Based on an analysis of these models, this report describes six principles for effective cash-in/cash-out agent networks at the last mile and highlights examples of where they are being applied throughout the world. Digital financial services providers, policy makers, and regulators will find concrete recommendations for putting these principles into practice to advance financial inclusion.

Autor Emilio Hernandez
Editor CGAP
Número de Páginas 32 pages
Idioma Principal English (en)
Región / País Global
Palabras clave Business and markets, Distribution, Payments
Recursos Relacionados
Is Data Privacy Good for Business? Technical Note 2019

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Este recurso aparece en: Apoyo a las Empresas, Business Support Services: General, Agribusiness and enterprise support, Business planning, ICT applications

As digital financial services grow rapidly, so do concerns over data privacy and protection especially for poor customers who are particularly vulnerable to abuses and injury from lax data policies. CGAP set out to test how much poor people value their data privacy and whether there was a business case for financial services providers to offer better data protection. The results from six experiments in Kenya and India make the case that customers will choose products with data policy and protection features built in, and they are willing to pay for them. This opens an avenue for voluntary self-regulation in markets that do not have strong consumer protection and data policies in place.

Autor Maria Fernandez Vidal and David Medine
Editor Consultative Group to Assist the Poor (CGAP)
Número de Páginas 12 pages
Idioma Principal English (en)
Región / País Global
Palabras clave Customers, Donors and Investors, Business and markets, South Asia, Sub-Saharan Africa, Kenya, India
Recursos Relacionados
Estrategias de retención de Asesores/as de Crédito en organizaciones de finanzas populares Paper 2015

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Este recurso aparece en: Apoyo a las Empresas

El estudio identifica las estrategias de retención que implementan las organizaciones de finanzas populares que conforman la Red Financiera Rural con el fin de  garantizar la permanencia de sus asesores de crédito. La investigación fue descriptiva,  utilizó a cuatro organizaciones sin fines de lucro como universo de estudio y a 15 asesores/as de crédito como unidad de análisis. Para la recolección de información se utilizaron cuestionarios aplicados a las direcciones de talento humano al equipo de asesores de crédito cuya principal contraparte es en gran medida la población rural, para en base a ello identificar la existencia de estrategias de retención orientadas a este grupo, los elementos que las integran, así como las expectativas de los asesores/as de crédito en torno a la existencia y definición de estrategias de retención.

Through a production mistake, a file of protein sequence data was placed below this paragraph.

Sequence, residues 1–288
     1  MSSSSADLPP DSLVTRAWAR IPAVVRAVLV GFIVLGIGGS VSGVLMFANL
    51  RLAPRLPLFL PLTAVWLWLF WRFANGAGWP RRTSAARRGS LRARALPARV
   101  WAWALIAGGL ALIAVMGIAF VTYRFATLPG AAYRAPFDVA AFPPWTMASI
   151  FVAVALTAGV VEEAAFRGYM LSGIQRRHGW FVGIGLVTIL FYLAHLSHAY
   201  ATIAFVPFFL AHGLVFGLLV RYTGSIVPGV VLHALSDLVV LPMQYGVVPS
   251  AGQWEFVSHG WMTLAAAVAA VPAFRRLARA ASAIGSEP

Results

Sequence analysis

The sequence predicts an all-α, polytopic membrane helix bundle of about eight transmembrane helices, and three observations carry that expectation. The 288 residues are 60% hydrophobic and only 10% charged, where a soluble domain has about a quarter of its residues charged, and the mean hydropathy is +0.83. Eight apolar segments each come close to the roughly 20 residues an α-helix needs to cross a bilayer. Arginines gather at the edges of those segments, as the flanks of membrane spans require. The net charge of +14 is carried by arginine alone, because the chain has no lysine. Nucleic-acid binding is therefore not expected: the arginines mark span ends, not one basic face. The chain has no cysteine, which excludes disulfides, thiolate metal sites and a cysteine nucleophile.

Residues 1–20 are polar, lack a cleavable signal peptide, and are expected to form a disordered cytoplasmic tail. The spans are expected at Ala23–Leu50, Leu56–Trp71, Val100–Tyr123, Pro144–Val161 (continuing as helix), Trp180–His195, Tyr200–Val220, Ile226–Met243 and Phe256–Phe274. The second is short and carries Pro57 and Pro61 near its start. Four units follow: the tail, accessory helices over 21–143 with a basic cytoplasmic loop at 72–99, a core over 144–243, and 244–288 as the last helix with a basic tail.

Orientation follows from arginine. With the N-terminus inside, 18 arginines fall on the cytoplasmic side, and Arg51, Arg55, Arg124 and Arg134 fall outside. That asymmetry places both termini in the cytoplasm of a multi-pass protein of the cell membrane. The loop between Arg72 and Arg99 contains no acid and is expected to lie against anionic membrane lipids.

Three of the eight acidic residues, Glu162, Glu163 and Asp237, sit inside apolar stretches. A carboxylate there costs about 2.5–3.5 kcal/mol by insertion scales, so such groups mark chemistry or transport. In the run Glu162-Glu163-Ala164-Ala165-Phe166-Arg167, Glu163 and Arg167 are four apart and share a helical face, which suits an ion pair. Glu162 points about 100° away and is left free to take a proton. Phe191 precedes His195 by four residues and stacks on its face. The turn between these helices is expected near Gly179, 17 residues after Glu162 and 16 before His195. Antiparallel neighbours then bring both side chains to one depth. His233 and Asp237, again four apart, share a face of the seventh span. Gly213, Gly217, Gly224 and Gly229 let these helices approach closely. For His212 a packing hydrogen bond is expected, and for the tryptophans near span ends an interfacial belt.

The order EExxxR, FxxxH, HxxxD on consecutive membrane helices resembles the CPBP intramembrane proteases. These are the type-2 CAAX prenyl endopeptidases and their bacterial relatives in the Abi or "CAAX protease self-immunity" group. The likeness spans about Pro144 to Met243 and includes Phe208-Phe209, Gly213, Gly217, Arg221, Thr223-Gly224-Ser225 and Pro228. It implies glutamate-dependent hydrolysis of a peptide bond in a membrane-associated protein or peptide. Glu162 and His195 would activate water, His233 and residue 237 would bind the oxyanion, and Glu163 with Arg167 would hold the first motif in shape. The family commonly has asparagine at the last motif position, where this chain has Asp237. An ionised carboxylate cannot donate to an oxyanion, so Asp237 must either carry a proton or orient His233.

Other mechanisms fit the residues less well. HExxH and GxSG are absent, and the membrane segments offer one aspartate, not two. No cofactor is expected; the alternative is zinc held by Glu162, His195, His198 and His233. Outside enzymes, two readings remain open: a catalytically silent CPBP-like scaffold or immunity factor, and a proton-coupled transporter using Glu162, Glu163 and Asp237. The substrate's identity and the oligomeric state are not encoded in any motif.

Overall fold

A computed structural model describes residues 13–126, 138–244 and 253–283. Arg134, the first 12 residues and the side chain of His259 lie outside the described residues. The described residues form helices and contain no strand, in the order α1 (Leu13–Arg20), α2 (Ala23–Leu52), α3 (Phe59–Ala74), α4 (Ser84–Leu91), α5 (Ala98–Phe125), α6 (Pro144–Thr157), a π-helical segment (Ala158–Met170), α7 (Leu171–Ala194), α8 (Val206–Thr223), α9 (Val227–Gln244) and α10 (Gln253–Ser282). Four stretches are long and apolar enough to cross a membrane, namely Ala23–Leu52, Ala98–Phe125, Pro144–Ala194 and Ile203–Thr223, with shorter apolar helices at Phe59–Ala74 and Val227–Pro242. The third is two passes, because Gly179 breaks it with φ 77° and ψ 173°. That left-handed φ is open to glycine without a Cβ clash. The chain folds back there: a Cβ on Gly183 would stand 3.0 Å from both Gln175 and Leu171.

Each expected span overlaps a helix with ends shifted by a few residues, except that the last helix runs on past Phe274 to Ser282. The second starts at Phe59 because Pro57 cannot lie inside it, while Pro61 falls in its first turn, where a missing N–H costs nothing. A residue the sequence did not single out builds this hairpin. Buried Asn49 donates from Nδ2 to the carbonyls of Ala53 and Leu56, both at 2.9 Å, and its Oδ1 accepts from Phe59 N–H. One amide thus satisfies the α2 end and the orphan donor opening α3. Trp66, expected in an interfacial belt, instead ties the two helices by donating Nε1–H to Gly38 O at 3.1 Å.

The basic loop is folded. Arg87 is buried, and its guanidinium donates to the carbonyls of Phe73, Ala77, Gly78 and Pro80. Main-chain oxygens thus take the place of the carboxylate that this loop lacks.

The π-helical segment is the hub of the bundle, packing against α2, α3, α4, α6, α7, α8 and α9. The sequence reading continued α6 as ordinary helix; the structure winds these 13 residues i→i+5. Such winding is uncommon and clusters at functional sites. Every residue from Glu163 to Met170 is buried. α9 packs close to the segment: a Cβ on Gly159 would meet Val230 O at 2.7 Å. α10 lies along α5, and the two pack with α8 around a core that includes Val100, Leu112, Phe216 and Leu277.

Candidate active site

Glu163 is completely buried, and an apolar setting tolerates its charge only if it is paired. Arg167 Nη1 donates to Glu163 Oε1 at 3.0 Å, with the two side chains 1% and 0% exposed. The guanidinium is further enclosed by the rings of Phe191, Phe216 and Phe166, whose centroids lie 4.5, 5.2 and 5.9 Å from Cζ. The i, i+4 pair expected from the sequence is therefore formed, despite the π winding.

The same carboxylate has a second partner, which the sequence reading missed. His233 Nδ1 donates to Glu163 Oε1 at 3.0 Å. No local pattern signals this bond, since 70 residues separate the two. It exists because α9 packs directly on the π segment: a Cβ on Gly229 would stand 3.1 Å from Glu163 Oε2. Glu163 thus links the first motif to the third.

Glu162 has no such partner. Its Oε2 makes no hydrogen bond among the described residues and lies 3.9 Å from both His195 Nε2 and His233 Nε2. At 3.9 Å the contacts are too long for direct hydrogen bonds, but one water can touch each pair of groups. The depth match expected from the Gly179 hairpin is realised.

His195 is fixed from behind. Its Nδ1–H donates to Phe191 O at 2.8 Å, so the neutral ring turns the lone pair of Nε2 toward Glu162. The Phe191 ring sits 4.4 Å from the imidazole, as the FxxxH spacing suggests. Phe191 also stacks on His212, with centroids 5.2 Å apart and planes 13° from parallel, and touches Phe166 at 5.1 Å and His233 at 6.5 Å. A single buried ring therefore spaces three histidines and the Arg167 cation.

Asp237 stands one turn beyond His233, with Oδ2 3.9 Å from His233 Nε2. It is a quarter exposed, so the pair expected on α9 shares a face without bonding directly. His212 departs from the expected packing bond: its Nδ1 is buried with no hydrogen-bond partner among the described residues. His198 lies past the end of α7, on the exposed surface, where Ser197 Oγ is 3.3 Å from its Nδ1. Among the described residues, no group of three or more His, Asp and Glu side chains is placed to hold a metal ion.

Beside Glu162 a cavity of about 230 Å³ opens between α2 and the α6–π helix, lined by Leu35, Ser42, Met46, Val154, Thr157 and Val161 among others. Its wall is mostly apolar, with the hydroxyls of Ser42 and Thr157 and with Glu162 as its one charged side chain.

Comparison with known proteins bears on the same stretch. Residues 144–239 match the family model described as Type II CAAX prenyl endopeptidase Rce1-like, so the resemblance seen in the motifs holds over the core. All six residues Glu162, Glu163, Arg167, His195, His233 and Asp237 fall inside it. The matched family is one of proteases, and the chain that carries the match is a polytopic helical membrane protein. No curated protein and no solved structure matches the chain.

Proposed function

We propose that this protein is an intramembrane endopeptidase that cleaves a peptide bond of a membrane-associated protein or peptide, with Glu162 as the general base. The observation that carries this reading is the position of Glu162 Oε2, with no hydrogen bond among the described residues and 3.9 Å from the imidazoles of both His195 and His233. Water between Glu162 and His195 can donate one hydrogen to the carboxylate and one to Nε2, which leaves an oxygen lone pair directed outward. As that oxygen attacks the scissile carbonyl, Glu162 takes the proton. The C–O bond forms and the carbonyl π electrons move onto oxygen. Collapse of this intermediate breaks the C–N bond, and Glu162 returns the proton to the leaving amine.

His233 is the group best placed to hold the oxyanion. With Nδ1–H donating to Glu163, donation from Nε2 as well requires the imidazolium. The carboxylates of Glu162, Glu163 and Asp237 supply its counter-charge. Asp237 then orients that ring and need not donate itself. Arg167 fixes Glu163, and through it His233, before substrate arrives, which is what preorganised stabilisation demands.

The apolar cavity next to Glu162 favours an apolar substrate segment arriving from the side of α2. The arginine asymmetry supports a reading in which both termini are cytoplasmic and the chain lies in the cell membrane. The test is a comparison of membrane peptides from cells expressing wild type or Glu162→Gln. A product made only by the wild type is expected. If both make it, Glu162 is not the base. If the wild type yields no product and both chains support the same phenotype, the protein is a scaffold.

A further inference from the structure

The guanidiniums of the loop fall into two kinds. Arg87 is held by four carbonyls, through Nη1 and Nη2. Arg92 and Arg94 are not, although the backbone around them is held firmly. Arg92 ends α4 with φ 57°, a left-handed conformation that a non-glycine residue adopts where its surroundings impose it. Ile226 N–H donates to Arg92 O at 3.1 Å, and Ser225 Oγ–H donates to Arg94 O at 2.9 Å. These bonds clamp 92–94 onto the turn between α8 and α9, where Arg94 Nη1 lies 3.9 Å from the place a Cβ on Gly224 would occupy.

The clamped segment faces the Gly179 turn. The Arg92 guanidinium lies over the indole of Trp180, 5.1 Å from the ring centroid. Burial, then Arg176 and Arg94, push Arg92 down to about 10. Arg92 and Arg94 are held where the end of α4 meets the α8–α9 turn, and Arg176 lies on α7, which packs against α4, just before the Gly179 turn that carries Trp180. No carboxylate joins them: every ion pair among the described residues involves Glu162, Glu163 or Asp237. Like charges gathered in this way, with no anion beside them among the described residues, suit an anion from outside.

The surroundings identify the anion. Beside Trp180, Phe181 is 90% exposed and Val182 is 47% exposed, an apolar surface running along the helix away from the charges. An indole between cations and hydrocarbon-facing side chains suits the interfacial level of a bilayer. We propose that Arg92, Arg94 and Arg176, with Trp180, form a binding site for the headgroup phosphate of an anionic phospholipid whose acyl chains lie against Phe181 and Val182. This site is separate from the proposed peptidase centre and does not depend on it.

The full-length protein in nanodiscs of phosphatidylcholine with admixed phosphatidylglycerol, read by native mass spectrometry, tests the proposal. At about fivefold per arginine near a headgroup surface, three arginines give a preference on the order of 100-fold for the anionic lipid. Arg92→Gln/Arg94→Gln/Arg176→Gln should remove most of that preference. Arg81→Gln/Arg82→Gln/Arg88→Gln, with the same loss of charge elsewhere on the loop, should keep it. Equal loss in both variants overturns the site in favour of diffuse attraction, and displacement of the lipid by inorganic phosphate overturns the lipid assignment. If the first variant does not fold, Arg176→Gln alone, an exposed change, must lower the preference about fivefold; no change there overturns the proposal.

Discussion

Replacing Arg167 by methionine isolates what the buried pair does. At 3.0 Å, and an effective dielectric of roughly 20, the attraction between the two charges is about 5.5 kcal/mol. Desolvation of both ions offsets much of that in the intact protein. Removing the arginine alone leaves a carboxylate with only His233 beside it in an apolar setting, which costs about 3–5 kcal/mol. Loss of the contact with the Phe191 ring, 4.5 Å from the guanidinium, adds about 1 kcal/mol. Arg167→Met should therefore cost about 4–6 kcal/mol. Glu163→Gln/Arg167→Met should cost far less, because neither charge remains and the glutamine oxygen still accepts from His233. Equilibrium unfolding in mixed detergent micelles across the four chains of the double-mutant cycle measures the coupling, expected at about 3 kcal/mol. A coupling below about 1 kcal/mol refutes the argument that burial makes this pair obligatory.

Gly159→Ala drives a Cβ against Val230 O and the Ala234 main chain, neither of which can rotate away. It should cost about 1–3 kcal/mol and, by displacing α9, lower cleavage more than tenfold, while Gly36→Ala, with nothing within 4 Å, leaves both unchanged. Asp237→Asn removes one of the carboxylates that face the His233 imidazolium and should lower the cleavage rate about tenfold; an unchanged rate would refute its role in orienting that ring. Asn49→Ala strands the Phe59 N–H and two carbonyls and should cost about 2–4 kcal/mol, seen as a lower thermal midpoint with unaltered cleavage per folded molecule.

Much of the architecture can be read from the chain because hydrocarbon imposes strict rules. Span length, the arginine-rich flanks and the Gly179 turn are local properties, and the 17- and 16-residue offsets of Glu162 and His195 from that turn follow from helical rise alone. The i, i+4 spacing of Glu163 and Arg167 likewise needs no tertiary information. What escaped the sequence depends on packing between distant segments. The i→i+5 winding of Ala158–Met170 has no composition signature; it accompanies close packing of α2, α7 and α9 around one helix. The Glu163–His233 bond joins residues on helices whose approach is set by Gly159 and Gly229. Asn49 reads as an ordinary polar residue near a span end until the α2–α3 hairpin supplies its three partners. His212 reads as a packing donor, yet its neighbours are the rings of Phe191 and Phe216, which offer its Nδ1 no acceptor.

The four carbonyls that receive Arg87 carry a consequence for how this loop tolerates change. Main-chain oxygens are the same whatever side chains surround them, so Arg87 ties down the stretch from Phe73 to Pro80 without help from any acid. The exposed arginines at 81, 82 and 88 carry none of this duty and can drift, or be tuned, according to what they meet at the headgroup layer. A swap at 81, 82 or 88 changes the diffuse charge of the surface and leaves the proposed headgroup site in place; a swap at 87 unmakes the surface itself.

Autor Vaca Espín, M. A.
Editor Universidad de Belgrano
Número de Páginas 134
Idioma Principal Spanish (es)
Región / País Global, South America
Ecuador
Palabras clave Ecuador, Asesores de Crédito
Recursos Relacionados
Case Study: The Return on Investment from Technoserve's Coffee Initiative Case Study 2015

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Este recurso aparece en: Apoyo a las Empresas

 

This Initiative for Smallholder Finance briefing is the ninth in a series about catalyzing smallholder finance. In our previous two briefing notes, we offered an overview of the anatomy of the market for agricultural technical assistance in developing countries and discussed the linkages between technical assistance and smallholder financing. Those briefings emphasized the importance of increasing coordination among actors to improve knowledge transfer, share best practices and lessons learned, and improve the quality of technical assistance delivery. 

In that spirit, this briefing offers a case study of a TechnoServe project aiming to increase incomes of smallholder coffee farmers in East Africa. Although the project was complex and produced many lessons to share, this briefing focuses in particular on the value of technical assistance to increase access to finance, crowd-in the private sector, achieve scale, and generate value for an industry. 

Autor The Initiative for Smallholder Finance
Editor The Initiative for Smallholder Finance
Número de Páginas 10 p.
Idioma Principal English (en)
Región / País Global
Palabras clave return on investment, Agricultural Finance, Agribusiness Finance, Access To Finance
Recursos Relacionados
Technical Assistance for Smallholder Farmers: An Anatomy of the Market Brief 2014

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Este recurso aparece en: Apoyo a las Empresas

This Initiative for Smallholder Finance briefing is the seventh in a series about catalyzing smallholder finance, and presents an overview of the different forms of technical assistance for farmers in the developing world. Technical assistance is critical to smallholder financing because it is the nearest adjacent market and has complementary linkages to financing. A forthcoming briefing will discuss these linkages to financing in more detail.